Latest Approach to Treating Reflux


Gastroesophageal reflux disease (GERD) is a common disorder that affects an estimated 21 million Americans. It is a condition in which food or liquid travels backwards from the stomach to the esophagus (the tube from the mouth to the stomach). This action can irritate the esophagus, causing heartburn and other symptoms. GERD is often chronic, which means that once you develop this condition, you may experience recurring episodes for the rest of your life. It is estimated that 10-20% of people will have acid reflux at least once a week.


consult buttonTreatment Options

In many cases, changing diet and taking over-the-counter antacids can reduce the frequency of GERD symptoms. If symptoms persist after these lifestyle changes, more intensive drug therapy may be required. Patients who cannot control their symptoms with these approaches may choose to have surgery.

Nissen fundoplication is a surgical procedure used to treat severe GERD. During fundoplication surgery, the upper curve of the stomach (known as the fundus) is carefully wrapped around the junction of the esophagus and stomach and sewn into place. This creates a barrier that prevents the flow of acid into the esophagus.

The procedure is also performed on individuals with a hiatal hernia, a condition in which a portion of the stomach protrudes upward into the chest through an opening in the diaphragm. Patients with hiatal hernia often develop GERD symptoms.

Nissen fundoplication can be done as either traditional "open" surgery or a laparoscopic procedure. The open procedure involves an incision of about 8 inches in the abdomen, while the laparoscopic approach is a minimally invasive technique using significantly smaller incisions.

Robot-Assisted Surgery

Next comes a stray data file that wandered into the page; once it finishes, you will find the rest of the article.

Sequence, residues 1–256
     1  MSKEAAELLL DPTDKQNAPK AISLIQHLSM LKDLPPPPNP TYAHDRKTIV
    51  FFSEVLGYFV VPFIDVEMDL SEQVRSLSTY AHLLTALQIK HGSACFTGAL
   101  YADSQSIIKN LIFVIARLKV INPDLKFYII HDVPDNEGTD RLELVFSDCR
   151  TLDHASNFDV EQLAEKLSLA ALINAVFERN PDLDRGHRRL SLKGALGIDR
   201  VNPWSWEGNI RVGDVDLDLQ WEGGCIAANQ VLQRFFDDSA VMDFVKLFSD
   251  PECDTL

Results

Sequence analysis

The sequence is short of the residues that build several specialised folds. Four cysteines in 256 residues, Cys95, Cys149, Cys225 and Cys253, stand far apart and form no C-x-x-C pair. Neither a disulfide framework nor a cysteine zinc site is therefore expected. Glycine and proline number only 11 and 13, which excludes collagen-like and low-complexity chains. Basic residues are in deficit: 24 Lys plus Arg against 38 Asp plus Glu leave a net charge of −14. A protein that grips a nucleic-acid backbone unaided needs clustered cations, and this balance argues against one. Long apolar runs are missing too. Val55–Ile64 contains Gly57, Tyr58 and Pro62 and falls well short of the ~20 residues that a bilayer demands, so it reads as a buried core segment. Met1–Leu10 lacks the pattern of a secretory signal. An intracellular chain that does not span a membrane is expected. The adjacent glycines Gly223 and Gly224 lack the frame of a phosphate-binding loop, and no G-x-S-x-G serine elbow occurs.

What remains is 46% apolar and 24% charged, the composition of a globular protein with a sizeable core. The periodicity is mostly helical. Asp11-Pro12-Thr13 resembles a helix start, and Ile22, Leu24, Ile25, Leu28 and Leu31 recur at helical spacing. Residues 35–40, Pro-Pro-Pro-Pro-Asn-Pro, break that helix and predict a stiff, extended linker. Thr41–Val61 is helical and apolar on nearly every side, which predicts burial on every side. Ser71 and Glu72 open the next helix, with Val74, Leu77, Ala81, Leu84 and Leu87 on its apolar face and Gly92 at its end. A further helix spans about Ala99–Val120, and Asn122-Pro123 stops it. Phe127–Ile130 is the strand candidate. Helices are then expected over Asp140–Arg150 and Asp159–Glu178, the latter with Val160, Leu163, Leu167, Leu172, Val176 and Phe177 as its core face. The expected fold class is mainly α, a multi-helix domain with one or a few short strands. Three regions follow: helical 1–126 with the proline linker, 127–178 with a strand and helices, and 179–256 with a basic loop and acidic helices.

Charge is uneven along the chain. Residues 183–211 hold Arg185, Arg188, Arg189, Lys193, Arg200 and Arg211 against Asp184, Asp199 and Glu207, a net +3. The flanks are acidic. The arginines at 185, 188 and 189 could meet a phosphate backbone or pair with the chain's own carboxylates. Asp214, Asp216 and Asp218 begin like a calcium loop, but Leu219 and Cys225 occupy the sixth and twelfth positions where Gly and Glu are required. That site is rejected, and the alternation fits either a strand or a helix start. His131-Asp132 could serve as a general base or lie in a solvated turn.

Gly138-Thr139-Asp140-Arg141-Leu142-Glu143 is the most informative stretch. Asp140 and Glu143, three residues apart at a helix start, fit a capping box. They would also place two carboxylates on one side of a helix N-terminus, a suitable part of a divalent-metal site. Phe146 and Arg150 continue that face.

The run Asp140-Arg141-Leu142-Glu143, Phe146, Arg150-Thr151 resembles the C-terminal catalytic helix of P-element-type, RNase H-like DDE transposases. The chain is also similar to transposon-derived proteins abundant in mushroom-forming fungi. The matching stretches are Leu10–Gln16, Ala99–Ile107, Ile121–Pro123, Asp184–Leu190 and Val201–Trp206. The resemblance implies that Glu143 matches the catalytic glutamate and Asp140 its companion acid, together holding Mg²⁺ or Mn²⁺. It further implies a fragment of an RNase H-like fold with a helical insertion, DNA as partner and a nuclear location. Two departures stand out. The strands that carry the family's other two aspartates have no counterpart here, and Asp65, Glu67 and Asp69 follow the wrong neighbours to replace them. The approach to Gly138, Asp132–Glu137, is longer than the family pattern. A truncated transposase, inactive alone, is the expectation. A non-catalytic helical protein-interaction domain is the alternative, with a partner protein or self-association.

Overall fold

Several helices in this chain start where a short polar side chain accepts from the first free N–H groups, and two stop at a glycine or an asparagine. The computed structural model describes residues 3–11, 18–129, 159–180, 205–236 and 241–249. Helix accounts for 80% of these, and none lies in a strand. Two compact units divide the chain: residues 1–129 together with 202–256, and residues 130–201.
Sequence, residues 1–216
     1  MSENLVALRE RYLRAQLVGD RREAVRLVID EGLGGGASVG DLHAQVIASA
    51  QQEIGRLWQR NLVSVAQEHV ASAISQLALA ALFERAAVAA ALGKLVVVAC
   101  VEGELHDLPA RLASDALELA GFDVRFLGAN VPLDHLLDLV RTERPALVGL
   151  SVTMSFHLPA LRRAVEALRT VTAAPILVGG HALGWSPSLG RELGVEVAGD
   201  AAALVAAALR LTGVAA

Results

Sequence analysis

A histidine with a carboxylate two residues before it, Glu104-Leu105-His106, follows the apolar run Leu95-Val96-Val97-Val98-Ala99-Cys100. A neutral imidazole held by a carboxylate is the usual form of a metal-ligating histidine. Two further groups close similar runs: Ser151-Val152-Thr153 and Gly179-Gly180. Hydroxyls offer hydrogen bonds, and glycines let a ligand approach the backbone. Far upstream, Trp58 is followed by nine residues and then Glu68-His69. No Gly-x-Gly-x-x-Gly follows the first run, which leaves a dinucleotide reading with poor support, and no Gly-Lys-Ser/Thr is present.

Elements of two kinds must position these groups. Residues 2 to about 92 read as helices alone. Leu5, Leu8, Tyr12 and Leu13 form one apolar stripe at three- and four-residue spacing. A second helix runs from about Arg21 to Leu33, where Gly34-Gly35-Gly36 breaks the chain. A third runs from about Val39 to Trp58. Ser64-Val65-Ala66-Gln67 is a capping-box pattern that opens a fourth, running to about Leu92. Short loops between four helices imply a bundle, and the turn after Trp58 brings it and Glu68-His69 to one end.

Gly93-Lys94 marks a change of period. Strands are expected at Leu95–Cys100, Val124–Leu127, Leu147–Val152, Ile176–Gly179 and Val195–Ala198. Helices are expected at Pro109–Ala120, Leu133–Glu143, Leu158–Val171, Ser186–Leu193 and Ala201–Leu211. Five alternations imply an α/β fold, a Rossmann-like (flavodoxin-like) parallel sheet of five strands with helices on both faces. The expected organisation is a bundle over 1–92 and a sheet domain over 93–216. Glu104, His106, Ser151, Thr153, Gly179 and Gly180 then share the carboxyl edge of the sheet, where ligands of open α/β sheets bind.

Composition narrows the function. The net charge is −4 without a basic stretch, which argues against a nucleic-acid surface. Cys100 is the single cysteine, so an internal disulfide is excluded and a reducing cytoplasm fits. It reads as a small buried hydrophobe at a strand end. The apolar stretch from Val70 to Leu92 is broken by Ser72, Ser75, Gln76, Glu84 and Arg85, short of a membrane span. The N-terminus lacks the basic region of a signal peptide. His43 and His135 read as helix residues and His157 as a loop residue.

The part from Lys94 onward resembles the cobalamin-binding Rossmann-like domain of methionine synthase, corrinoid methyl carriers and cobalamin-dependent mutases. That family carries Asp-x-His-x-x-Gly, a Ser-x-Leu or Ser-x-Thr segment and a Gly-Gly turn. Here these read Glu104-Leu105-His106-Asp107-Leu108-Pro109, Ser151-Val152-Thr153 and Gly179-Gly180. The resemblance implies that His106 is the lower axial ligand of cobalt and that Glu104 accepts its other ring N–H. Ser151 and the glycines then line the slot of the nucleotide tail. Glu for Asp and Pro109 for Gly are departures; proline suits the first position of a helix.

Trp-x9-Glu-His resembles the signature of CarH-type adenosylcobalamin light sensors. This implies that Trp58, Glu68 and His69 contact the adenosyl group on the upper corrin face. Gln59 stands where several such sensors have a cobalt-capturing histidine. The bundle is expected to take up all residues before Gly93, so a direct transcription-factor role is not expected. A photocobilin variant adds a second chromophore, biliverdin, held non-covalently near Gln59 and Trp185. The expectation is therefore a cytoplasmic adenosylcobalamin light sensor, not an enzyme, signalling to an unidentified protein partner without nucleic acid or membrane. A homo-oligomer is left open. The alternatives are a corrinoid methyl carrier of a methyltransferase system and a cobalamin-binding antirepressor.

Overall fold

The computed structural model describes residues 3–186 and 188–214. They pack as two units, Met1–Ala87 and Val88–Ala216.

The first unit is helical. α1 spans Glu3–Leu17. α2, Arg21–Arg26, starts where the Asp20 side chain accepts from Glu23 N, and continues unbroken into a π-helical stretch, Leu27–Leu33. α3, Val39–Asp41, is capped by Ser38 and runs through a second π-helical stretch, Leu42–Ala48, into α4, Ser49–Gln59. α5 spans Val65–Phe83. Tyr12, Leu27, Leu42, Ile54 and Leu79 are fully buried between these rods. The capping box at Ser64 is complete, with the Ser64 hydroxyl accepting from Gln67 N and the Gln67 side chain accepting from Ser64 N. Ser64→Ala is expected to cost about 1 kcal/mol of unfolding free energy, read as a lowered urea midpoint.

Boulder Community Hospital offers the latest approach to treating GERD -- robot-assisted Nissen fundoplication surgery with the da Vinci® Surgical System.  Benefits of da Vinci surgery include:

    • Significantly less pain
    • Potentially less blood loss
    • Fewer complications - including reduced risk of infection
    • Less scarring – 1-2 cm incisions versus 8 inches with open surgery
    • Shorter hospital stay
    • Quicker recovery from surgery and return to normal routine


The state-of-the-art da Vinci robot allows some complex surgeries to be performed as minimally invasive procedures. Through tiny 1-2 cm incisions, a surgeon using the da Vinci system can operate with precision and control while minimizing the pain that often accompanies the large incisions associated with open surgery. The surgeon uses special hand controls to guide robotic arms that hold specially designed surgical instruments. The latest computer technology converts the surgeon’s large hand movements into precise small movements, resulting in tremendous dexterity. The robotic "wrists" can rotate a full 360 degrees, enabling your surgeon to control the miniature surgical instruments with unprecedented accuracy, flexibility and range of motion. The da Vinci System requires that every surgical maneuver be performed with direct input from your surgeon – the machine cannot move on its own.

The three-dimensional, high definition da Vinci camera supplies your surgeon with a magnified view of the internal organs that’s better than normal vision. The enhanced visualization and greater degree of movement offered by the da Vinci System provides a minimally invasive alternative that offers many advantages for Nissen fundoplication surgery.

For more information on the da Vinci System’s leading-edge robotic technology, click here.

Contact a general surgeon to find out if robot-assisted surgery may be your best treatment option.

Return to top


Left mouse button enlarges type
Right mouse button decreases type
Eliminate graphics and print content